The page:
8. NY Scum Haters - Psychic TV. Before they released a cavalcade of live albums came this one. Just after their wonderful "Dreams Less Sweet" - this was the unvarnished Psychic TV. PTV/Throbbing Gristle could probably fill a whole weird records list.
9. Thank You - Duran Duran. Covers albums can be things of wonder or disasters. Few manage to do both so often as this one from Duran Duran. Amongst the expected somewhat pedestrian retools of glam icons, they give us their take on Public Enemy's "911 is a joke" and Grandmaster Flash "White Lines." Wonderful/ludicrous in equal measures.
10. Peter and the Wolf - David Bowie. Forget The Laughing Gnome, Tin Machine or that godawful cover of God Only Knows, this is David Bowie's oddest release - a narration of the story of Prokofiev's Peter and the Wolf. Of course it is.
11. Ear Candy - Helen Reddy. Actually not as odd as it should be - and a pretty decent album of late seventies soulful power pop. The oddity is that this is produced by Kim Fowley. Yes, Runaways svengali Fowley. With Helen Reddy.
12. Earth - Neil Young. Neil Young makes the Uncut list with "Trans" - odd only in that he uses vocoder - on what is one of his stronger eighties albums. "Greendale" is an odd concept album for instance, and what about "Arc" the feedback drenched companion to live album "Weld"? But I think his last live album "Earth" deserves inclusion. Pulling together songs from across his career with a "green" perspective he decides - oddly, perversely, in a way that sometimes works and sometimes is hilarious to add in sound effects to the live album e.g. crickets chirping.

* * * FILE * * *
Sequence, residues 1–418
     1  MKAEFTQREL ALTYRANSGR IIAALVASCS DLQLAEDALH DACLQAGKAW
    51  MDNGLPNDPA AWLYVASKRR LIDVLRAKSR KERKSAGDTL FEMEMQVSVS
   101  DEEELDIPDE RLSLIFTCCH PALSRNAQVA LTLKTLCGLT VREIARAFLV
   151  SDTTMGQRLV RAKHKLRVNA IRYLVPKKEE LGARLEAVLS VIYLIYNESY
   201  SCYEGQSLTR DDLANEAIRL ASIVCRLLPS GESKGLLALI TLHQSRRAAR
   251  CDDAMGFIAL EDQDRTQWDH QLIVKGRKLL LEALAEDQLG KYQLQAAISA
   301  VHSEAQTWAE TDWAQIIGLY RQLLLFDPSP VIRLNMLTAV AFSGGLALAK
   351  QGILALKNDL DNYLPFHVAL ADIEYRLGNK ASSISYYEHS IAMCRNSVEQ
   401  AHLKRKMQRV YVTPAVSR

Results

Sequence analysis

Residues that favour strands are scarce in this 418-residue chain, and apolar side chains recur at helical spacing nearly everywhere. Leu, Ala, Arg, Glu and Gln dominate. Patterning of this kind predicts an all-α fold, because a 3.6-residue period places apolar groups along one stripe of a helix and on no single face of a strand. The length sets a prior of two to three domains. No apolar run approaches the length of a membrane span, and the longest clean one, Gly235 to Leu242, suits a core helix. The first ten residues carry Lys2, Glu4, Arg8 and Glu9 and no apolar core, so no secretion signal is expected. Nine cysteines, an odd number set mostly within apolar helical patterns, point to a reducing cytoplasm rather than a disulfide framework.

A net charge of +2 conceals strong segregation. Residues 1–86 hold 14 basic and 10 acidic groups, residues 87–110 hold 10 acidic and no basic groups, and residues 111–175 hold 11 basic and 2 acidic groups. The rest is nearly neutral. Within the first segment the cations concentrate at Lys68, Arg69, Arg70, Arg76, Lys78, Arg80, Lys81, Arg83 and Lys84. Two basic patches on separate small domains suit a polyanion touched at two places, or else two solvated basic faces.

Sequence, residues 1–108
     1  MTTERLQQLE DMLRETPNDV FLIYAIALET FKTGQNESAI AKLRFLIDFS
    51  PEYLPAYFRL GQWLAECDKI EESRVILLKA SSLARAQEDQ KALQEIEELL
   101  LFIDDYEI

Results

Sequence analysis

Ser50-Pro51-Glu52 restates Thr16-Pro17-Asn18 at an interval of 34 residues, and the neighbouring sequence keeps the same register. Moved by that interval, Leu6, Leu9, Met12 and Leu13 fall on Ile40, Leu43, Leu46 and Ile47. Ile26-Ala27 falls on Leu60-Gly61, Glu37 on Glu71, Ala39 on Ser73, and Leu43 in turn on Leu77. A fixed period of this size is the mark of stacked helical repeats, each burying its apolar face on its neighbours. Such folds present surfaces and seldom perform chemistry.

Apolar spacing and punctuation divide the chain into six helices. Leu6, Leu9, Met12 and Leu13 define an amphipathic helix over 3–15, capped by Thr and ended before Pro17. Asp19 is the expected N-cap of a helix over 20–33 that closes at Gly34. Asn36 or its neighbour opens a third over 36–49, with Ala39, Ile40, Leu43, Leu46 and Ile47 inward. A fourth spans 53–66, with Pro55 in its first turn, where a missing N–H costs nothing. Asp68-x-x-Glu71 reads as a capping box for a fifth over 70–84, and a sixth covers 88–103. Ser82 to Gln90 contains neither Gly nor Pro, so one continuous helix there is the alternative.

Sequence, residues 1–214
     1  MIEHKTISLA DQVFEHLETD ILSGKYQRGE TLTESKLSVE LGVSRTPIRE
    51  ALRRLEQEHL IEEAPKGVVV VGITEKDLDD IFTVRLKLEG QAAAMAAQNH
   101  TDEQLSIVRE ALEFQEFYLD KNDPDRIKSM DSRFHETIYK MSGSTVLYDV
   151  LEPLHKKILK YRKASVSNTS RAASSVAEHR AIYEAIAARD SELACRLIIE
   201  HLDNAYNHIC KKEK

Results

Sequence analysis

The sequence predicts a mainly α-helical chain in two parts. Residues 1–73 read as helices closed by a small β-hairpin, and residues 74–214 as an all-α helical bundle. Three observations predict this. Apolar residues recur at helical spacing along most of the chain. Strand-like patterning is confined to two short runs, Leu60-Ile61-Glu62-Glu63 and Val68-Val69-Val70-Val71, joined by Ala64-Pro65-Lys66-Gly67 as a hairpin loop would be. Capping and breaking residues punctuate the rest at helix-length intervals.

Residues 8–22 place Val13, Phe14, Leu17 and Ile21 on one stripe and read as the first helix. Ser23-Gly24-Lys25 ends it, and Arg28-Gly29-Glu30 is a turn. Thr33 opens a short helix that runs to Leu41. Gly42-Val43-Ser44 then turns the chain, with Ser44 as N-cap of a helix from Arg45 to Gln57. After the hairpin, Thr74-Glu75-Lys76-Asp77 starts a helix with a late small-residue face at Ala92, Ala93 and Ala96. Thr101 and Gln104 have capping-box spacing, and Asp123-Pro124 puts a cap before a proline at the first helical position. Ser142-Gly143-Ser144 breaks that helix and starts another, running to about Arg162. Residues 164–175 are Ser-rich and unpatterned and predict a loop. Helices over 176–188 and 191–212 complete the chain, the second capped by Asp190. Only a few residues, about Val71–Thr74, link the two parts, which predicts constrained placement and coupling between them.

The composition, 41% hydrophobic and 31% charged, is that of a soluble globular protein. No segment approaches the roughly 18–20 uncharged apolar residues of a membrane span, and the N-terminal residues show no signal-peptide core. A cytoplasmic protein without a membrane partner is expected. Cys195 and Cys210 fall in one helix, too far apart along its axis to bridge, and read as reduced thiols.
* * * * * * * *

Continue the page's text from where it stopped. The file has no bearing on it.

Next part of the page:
13. Sympathy for the Devil - Laibach. There's a small number of albums that consist of only one song in multiple versions. This Laibach album covering the Rolling Stones album is one such. Brilliant but quixotic.
14. Beach Boys Love You - Beach Boys. There are other Beach Boys oddities - "Party" for instance with its party sound effects, or their transcendental M.I.U. Album, but Beach Boys Love You saw Brian Wilson return to the fold, virtually a solo album, and as a "where Brian's mind was at" as odd as it comes. Brilliant but if you wanted to know what he'd been up to - it had been watching Johnny Carson.